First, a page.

On display at the National Museum of Australia from today, 9 September, to 29 January 2017, this exhibition uses 100 objects from the British Museum’s encyclopaedic collection to explore human history from two million years ago to the present day.
Inspired by the highly-acclaimed 2010 radio series and book, which was produced in partnership with the BBC and Penguin Books, the carefully selected objects communicate the ideas and concerns of the people who made and used them, taking every visitor on a unique and compelling journey through time and across the globe.
A History of the World in 100 Objects invites visitors to travel along a timeline of human history and object creation revealing a series of compelling, and often very personal, human stories, examining issues as diverse as faith, power and global exploration.
The exhibition is arranged chronologically in eight sections, beginning two million years ago, through to the development of agriculture and the first cities; the development of empires; the evolution of religion; trade and invasion; Medieval times; exploration; and the industrial revolution up to the present day.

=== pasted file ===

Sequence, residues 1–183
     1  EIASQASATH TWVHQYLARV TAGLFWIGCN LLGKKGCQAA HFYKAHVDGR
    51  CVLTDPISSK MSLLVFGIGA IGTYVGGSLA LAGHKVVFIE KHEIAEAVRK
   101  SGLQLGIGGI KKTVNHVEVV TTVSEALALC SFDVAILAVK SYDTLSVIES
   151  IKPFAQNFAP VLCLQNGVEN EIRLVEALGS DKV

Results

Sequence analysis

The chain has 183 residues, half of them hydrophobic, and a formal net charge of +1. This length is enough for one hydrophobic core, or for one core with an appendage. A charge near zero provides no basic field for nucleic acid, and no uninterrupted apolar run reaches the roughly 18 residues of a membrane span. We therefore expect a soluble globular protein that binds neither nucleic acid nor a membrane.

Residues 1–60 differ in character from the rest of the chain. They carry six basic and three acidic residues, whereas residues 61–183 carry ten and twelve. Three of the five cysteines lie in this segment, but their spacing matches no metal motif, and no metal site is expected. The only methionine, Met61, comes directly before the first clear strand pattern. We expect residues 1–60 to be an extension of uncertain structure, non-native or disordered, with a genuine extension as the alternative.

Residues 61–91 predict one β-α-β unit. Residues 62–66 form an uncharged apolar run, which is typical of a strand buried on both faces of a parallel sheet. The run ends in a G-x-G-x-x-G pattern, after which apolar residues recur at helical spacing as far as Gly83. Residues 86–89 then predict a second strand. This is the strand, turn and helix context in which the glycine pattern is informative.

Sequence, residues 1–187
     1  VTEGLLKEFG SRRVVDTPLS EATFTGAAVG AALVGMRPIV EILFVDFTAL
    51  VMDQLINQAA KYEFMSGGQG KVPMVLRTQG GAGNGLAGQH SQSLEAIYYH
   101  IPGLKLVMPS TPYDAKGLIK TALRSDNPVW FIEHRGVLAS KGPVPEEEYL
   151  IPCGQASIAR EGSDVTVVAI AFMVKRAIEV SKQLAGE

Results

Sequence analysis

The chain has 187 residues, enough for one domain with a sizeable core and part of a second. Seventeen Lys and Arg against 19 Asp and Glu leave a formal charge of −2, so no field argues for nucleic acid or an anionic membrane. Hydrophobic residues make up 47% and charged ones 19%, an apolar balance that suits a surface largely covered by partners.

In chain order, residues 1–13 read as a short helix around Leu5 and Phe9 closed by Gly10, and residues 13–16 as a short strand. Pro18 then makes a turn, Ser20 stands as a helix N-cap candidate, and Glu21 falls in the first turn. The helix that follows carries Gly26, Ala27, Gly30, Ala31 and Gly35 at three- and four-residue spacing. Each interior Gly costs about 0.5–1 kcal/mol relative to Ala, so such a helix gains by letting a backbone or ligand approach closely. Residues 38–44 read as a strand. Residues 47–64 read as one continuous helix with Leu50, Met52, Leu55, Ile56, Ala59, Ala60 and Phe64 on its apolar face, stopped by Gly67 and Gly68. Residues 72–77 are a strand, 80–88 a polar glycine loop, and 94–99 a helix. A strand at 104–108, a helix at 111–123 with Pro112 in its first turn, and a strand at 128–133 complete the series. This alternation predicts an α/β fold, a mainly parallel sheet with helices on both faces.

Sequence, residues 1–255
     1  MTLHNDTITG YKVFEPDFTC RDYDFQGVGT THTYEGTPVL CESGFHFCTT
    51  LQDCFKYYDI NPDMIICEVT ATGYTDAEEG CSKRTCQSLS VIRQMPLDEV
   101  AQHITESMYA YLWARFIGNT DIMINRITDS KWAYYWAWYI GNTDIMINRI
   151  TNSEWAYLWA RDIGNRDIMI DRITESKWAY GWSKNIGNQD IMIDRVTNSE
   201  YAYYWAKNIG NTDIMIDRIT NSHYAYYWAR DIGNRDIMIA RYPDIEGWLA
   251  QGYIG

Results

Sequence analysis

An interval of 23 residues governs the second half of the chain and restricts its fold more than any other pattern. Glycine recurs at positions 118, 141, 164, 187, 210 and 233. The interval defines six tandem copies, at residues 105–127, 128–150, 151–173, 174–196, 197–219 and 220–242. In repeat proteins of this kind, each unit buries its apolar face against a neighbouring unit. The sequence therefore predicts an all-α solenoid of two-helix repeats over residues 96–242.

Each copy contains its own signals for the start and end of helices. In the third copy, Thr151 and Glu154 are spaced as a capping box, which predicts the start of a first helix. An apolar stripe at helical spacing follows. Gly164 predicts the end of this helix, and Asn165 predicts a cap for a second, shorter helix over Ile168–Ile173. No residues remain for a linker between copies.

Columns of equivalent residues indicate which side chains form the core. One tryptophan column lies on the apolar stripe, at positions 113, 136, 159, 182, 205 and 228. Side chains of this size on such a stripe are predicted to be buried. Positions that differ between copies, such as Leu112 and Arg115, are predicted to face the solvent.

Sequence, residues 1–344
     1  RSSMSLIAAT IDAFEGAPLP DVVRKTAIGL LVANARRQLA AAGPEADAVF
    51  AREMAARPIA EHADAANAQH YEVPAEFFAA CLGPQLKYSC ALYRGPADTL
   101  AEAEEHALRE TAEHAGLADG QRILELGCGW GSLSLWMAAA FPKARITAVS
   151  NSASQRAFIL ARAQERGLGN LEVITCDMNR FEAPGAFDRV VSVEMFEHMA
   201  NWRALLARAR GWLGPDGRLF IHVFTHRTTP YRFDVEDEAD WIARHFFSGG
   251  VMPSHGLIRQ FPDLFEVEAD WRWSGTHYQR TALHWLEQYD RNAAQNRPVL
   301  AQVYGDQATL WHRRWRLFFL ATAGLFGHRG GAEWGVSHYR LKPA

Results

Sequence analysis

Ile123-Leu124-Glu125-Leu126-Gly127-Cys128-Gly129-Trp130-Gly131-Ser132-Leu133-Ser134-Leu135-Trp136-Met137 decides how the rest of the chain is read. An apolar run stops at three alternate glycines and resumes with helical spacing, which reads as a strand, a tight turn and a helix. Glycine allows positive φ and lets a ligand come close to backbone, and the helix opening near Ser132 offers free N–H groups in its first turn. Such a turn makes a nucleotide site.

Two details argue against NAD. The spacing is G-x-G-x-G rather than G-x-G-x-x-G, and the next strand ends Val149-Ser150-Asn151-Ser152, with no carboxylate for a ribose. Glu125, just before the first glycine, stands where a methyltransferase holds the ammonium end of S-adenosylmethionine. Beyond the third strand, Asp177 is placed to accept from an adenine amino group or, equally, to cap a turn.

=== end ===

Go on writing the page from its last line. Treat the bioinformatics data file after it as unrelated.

The objects in the exhibition represent a vast range of materials – from stone to gold and clay to plastic. They vary in size, from large Egyptian sculpture to a small exquisite gold llama from Peru.
A special highlight within the exhibition is the Meroë Head, one of the most important surviving portraits of Rome’s first emperor, Augustus. Originally part of a statue of Augustus that is thought to have been deliberately beheaded in antiquity; the bronze caused an international sensation when it was excavated in Sudan in 1910. The Head features in a section exploring power and philosophy between 700 BCE-100 CE, and speaks directly of the leader’s need to control his public image across a vast empire.
The exhibition also includes some relatively contemporary objects such as a credit card that is compliant with Islamic Sharia law – meaning no interest can be charged on the card.
The variety of material included in the exhibition creates a rich, absorbing and visually impressive celebration of manmade objects. While 100 objects in the show come from the British Museum, the National Museum has selected the CSIRO WLAN Test Bed (the precursor to modern Wi Fi) as the 101st object to go on display in the exhibition.
The National Museum of Australia in Canberra is the only institution on the eastern seaboard to host this remarkable exhibition.
Book your tickets to A History of the World in 100 Objects now atwww.nma.gov.au/100objects